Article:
Though laws against plagiarism aren’t really possible, according to Hegel, laws against copying are, and Hegel is for copyright provided it is in a “very definite but, indeed limited measure” (22). That’s not to say that he’s against retaining copyright after the death of the author, oddly—he notes that the family of an author can retain private rights (18)—but I would have thought this was incongruous with his philosophy because (presumably) you can’t exert your will on something when you are dead, and that’s what makes it your property.
So, all in all, what does Hegel think about intellectual property and modern remix art forms? Well, unlike Locke, I think Hegel wouldn’t be too fond of graffiti on private buildings, since his ownership is based on will, not work. However, he’s not really big on communal property (except with regard to monuments p.18), so maybe he’d be alright with someone claiming it for their own. He’s for limited copyright, but, like copyright is most often employed today (but not patents), he’s for it being based on the expression of the work, not the plot, characters, or, as Poe thinks is the heart and essence of a work: the idea. Finally, the way Hegel speaks about property defining the person, reminds me a bit of Foucault’s idea that an author is defined by his/her writings.
So, to close, happy stuff-hunting everyone!
 “personality must find an embodiment in property” (10).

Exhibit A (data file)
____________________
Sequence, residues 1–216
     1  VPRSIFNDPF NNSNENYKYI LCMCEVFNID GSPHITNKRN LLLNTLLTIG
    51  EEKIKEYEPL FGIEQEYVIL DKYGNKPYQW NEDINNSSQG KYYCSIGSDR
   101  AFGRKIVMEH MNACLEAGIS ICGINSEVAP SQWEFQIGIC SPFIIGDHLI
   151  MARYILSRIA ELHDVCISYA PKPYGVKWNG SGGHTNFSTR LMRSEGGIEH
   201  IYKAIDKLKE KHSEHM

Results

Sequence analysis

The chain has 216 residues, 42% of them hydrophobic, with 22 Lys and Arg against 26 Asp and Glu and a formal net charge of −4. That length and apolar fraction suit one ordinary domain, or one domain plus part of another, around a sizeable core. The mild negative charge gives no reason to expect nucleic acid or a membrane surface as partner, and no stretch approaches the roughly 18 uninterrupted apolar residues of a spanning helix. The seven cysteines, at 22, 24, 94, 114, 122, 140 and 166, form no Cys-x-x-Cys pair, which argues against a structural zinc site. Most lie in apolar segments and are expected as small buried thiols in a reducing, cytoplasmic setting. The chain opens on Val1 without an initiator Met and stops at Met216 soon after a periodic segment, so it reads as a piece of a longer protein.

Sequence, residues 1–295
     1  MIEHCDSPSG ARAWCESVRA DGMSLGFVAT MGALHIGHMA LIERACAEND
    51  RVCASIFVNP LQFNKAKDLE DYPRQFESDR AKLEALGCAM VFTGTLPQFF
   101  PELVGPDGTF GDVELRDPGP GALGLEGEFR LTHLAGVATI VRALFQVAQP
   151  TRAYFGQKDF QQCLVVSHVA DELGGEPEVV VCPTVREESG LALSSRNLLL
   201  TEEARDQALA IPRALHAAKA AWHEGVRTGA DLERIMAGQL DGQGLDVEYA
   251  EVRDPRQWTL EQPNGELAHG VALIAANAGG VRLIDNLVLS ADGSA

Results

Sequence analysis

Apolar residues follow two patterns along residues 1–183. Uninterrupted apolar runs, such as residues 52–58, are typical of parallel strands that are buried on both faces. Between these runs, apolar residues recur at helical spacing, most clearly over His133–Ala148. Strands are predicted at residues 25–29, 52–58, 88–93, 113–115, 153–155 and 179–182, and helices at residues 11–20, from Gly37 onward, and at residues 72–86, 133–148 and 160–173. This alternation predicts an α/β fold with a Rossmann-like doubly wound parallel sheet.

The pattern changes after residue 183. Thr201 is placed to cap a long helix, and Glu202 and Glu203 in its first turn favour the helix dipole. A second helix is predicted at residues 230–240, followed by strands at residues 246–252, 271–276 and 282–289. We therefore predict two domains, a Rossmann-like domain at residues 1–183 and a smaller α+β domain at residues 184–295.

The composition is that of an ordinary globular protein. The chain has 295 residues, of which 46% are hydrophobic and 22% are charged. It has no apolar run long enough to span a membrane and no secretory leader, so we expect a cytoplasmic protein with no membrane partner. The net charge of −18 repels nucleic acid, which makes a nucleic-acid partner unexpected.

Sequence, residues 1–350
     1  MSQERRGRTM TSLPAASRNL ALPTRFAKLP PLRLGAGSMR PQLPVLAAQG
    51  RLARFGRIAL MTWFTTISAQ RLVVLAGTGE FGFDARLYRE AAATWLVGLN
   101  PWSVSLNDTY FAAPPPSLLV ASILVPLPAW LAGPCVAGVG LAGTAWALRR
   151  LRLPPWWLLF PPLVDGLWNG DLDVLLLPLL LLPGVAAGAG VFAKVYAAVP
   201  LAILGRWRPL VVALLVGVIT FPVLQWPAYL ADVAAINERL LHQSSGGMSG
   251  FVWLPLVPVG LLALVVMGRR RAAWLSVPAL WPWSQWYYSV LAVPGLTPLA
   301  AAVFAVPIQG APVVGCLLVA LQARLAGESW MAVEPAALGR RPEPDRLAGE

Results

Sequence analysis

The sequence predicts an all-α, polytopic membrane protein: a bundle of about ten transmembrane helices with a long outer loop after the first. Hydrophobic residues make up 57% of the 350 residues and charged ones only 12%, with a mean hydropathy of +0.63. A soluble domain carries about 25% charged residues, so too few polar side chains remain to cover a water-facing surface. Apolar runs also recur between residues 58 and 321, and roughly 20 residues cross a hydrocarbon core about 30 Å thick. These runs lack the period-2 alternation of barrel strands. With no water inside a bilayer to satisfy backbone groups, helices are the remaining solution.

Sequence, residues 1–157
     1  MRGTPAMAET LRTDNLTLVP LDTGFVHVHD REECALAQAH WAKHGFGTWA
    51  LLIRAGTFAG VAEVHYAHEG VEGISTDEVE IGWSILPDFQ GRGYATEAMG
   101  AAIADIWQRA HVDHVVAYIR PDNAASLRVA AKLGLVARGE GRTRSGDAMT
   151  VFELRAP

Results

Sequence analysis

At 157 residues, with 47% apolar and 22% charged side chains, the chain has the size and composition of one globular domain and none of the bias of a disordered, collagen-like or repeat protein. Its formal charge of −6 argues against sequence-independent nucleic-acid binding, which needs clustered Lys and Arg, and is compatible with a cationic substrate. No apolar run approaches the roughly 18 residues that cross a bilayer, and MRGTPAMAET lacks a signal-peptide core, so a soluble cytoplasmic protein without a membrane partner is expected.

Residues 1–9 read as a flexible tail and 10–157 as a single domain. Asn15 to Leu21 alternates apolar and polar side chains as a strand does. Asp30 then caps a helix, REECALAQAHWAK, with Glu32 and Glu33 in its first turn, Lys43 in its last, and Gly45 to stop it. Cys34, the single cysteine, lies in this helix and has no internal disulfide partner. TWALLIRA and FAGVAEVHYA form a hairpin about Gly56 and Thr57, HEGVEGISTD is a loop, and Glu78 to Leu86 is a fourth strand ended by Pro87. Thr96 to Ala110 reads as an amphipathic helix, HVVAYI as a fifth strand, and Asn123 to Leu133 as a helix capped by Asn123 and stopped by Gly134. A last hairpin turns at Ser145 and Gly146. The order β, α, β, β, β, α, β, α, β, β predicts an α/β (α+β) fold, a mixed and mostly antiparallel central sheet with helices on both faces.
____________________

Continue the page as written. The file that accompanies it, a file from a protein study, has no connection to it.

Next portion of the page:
“Men are equal, it is true, but only as persons, that is, only with reference to the source of possession. Accordingly every one must have property” (9).
 “Here the assertion that the property of every man ought in justice to be equal to that of every other is false, since justice demands merely that every one should have property” (10).
 “Private possession is the more reasonable, and even at the expense of other rights, must win victory”(7) and “persons, living together [in cloisters], have ultimately no such right to property, as the person has” (8).
 “A person has the right to direct his will upon any object, as his real and positive end. The object thus becomes his” (6).
 “The inner act of my will, which says that something is mine, must be made recognizable for others….the more I appropriate this form, so much the more do I come into real possession of the object” (10-11).
 “A second person cannot take into possession what is already the property of another” (10).
 “the will of the owner…is the fundamental principle” (15).
 “Only through the education of his body and mind, mainly by his becoming conscious of himself being free, does he take possession of himself, become his own property, and stand in opposition to others” (13).
 “It is not possible to state accurately, and establish explicitly by law and right, just how far the new form, which accrues through repeated expression, should transmute the scientific treasure or the thoughts of others…in other words a repetition of an author’s work should be called a plagiarism” (22).